Having been away for a few days and returning after a debate, I came into work today expecting allocations to change, hedges to move and stop-outs to be executed.
Fortunately, none of that happened. I said fortunately, not unfortunately, in case you missed that.
The Federal Reserve’s plan of unbounded quantitative easing and the European Central Bank’s plans to buy as many bonds as needed have certainly worked. The fact that the basic economic issues facing the world remain as large as ever cannot take anything away from the central banks—for now.
Here’s how I see things playing out for the next month. I know, I know: a coach whose team is ahead shouldn’t be making forecasts to the TV reporter on the sidelines; it’s the ultimate jinx. But I can’t resist.
U.S. economic growth picks up a tad but remains around 2%. U.S. rates give a little ground, but remain lower than 1.8%; Spain asks for a program in Q4 and European growth continues to be negative; China grows at 6% to 7% with no immediate action on the part of policymakers to goose growth; equity prices and credit spreads stall out not too far from their current levels; overall volatility remains low.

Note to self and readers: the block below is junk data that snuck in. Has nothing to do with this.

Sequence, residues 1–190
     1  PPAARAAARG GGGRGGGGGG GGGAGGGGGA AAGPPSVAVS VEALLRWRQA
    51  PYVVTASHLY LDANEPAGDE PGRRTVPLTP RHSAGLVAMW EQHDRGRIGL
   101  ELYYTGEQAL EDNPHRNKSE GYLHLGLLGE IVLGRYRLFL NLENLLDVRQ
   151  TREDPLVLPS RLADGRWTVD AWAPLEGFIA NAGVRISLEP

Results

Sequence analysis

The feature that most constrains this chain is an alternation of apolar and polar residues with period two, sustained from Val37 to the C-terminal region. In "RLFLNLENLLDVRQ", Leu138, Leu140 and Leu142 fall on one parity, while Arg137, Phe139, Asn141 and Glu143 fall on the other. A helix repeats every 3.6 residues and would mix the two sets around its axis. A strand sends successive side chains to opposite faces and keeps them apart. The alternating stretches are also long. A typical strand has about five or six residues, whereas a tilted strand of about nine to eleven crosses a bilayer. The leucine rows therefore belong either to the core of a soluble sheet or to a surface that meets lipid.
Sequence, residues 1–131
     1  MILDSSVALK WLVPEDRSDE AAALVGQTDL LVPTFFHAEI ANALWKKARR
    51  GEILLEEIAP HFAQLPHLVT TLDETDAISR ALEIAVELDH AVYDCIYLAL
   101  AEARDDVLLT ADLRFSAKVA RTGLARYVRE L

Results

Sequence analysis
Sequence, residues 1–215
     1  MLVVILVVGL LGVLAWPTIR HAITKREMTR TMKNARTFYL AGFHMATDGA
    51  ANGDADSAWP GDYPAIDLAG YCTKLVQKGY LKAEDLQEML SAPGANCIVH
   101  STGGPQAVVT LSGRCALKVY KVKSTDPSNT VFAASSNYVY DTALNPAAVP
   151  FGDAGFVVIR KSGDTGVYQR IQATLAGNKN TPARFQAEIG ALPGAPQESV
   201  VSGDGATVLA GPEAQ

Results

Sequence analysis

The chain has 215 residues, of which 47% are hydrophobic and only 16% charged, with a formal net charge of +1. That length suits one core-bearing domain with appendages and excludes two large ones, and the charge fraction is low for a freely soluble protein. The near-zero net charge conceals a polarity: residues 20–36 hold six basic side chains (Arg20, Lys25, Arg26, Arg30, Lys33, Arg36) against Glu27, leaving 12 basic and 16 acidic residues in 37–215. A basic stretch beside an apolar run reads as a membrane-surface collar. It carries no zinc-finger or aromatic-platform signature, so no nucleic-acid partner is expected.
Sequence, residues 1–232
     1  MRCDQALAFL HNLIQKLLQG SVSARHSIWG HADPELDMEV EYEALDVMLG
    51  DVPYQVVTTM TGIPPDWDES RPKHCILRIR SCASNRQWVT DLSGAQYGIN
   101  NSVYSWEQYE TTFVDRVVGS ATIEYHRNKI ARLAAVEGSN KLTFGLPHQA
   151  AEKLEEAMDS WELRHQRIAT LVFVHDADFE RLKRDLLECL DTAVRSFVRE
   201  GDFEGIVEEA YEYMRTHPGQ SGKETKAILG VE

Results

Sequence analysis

Pretty much consensus view, you say? I agree. But you have to recognize the fact that when policymakers have the upper hand and are winning the near-term battles, consensus view is going to reign supreme. It’s when policymakers start losing ground that we need to switch gears. What could happen in the next month or so to upset the status quo? Spain not asking for an M.O.U. (a.k.a. memorandum of understanding) or U.S. growth being much better than expected. But I assign low probability to either of these.